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At least Granddad Sefton cared

Years of court give way to ruling in favor of disinherited Thomas Jr.

When Tom Sefton, scion of the San Diego banking family, died in 2006, he left nothing to Thomas Sefton Jr., his son by his first marriage. He left most of the estate to his children by his second marriage, Harley and Laurie Sefton. Thomas Jr. went to court and lost: the trial court ruled that Tom Sefton was entitled to disinherit the son.

Thomas Jr. appealed, and the appellate court remanded the matter, saying he was entitled to a "substantial" amount of the estate of Joseph Sefton, Tom's father, who died in 1966. The trial court then determined that Thomas deserved $565,350, or 7 percent of one-seventh (1 percent) of the estate of Joseph Sefton.

Thomas appealed a second time, and on April 24 of this year, the Court of Appeal, Fourth Appellate District, ruled that Thomas Jr. should get one-third of the estate of Joseph, his grandfather. He will get $26 million to $27 million, says Richard Van Dyke of Van Dyke & Associates, the law firm that handled the appeal. Thomas Jr. will have to pay substantial attorney's fees out of that sum, but "he will be very well taken care of for the rest of his life," says Van Dyke.

Van Dyke says Thomas Jr. could be disinherited by his father Tom, "but couldn't be from his grandfather" who had set up a trust for Tom, Tom's siblings, and grandchildren in the 1950s.

The Sefton family controlled San Diego Trust & Savings, which was established in 1889. The Sefton interest in the bank was sold to the former First Interstate for $350 million in stock in 1994. The grandfather's estate got some of that stock.

Thomas Jr. is a budding author living in Brooklyn.

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When Tom Sefton, scion of the San Diego banking family, died in 2006, he left nothing to Thomas Sefton Jr., his son by his first marriage. He left most of the estate to his children by his second marriage, Harley and Laurie Sefton. Thomas Jr. went to court and lost: the trial court ruled that Tom Sefton was entitled to disinherit the son.

Thomas Jr. appealed, and the appellate court remanded the matter, saying he was entitled to a "substantial" amount of the estate of Joseph Sefton, Tom's father, who died in 1966. The trial court then determined that Thomas deserved $565,350, or 7 percent of one-seventh (1 percent) of the estate of Joseph Sefton.

Thomas appealed a second time, and on April 24 of this year, the Court of Appeal, Fourth Appellate District, ruled that Thomas Jr. should get one-third of the estate of Joseph, his grandfather. He will get $26 million to $27 million, says Richard Van Dyke of Van Dyke & Associates, the law firm that handled the appeal. Thomas Jr. will have to pay substantial attorney's fees out of that sum, but "he will be very well taken care of for the rest of his life," says Van Dyke.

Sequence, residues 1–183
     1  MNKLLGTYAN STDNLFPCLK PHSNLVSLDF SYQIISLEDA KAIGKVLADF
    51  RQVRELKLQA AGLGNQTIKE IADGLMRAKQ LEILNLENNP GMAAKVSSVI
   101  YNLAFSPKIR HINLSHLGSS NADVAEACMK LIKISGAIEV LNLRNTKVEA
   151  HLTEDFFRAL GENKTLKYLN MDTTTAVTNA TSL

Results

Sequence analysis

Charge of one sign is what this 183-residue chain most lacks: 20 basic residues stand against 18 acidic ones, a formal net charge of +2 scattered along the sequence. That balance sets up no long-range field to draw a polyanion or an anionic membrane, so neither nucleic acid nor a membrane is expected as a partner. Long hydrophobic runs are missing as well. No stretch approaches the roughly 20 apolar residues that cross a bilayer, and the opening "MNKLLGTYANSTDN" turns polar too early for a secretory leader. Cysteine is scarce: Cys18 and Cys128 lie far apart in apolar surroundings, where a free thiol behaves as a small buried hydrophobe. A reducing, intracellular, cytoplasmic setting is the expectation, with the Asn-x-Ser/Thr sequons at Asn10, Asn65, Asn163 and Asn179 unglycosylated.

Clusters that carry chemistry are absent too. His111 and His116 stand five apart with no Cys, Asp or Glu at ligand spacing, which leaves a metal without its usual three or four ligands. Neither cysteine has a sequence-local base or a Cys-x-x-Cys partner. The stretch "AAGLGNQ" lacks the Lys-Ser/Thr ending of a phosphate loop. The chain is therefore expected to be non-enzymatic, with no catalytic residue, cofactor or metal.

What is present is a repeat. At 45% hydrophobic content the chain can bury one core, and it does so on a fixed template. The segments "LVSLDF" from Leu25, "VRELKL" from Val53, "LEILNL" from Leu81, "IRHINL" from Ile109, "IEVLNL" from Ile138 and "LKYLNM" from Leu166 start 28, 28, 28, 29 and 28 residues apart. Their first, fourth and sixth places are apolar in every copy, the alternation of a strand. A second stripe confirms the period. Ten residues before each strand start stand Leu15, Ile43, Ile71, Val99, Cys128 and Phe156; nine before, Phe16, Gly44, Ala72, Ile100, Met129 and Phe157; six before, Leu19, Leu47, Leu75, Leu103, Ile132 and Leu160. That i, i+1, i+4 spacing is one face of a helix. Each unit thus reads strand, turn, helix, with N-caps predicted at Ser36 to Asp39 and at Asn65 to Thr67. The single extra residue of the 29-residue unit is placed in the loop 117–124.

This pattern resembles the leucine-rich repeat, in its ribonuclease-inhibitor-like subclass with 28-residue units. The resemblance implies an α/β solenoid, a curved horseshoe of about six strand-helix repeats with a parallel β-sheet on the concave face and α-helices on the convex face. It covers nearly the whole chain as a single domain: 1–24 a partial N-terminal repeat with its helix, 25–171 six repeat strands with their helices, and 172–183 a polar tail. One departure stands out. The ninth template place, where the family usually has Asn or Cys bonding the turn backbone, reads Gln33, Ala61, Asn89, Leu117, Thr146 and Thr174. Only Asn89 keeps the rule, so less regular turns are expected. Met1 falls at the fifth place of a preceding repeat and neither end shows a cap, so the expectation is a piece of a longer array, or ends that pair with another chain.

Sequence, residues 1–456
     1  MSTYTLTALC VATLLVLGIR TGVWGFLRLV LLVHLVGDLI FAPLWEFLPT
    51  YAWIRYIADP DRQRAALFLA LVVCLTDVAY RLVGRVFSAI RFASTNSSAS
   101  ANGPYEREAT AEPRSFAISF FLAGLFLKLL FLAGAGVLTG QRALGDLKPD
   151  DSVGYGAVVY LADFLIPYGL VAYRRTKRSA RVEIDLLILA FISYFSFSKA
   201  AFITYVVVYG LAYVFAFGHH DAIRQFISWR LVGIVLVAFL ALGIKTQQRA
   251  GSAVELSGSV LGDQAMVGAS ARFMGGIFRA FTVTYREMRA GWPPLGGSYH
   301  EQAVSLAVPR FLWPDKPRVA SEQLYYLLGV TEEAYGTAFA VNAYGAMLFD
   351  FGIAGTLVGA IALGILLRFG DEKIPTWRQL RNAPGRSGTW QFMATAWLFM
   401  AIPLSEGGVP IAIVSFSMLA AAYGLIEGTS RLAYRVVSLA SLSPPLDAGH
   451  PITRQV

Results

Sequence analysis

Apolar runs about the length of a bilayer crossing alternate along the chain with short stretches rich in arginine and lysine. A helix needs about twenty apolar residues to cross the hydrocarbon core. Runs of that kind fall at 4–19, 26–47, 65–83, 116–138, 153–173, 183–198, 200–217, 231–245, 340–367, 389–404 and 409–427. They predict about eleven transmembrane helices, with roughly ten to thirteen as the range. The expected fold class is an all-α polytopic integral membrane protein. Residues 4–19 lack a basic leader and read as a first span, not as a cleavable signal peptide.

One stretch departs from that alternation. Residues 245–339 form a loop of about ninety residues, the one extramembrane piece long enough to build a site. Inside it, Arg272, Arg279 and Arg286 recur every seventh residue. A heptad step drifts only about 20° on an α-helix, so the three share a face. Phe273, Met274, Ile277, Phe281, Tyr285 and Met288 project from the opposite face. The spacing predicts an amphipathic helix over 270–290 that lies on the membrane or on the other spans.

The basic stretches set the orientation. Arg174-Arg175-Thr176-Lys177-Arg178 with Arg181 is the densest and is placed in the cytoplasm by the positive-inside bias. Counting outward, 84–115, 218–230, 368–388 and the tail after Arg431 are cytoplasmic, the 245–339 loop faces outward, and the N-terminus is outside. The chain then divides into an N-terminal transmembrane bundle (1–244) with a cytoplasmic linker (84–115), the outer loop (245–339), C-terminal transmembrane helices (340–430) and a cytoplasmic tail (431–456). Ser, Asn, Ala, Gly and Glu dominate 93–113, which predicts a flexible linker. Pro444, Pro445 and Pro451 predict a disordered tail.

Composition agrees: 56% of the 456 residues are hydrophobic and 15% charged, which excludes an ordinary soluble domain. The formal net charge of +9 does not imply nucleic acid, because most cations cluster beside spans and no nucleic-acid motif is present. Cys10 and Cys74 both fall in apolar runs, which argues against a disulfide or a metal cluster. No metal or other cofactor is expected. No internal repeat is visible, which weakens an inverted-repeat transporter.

Van Dyke says Thomas Jr. could be disinherited by his father Tom, "but couldn't be from his grandfather" who had set up a trust for Tom, Tom's siblings, and grandchildren in the 1950s.

The Sefton family controlled San Diego Trust & Savings, which was established in 1889. The Sefton interest in the bank was sold to the former First Interstate for $350 million in stock in 1994. The grandfather's estate got some of that stock.

Thomas Jr. is a budding author living in Brooklyn.

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Comments
2

He'll get that unless the defs appeal the appeal and prevail. The rich do have it tough. I'm thinking that Thomas, Jr. is getting up in years himself. But the parallels with the Copley family come to mind. Jim Copley had two kids with his first wife (I think they adopted them), and upon his death he made provision for them. But wasn't Helen the trustee of their trusts? I know they sued her and settled. Jim also adopted David, and when he died he left all of his massive assets to her or to her and to David. The older offspring got relatively little compared to Helen's empire and what remained of it when David died.

Don, you probably remember more of that than I do.

April 27, 2015

Visduh: Yes, Jim Copley had adopted two children. He divorced his wife and married Helen. She was sued. There was a settlement. I don't know that those adopted children were all that bitter after the settlement, but I may be wrong on that. I have never met either one of them. David wound up with lots of money (as his $33 million yacht and other chattels of the superrich attest) but he did not take care of himself and died when he had barely turned 60. Best, Don Bauder

April 27, 2015

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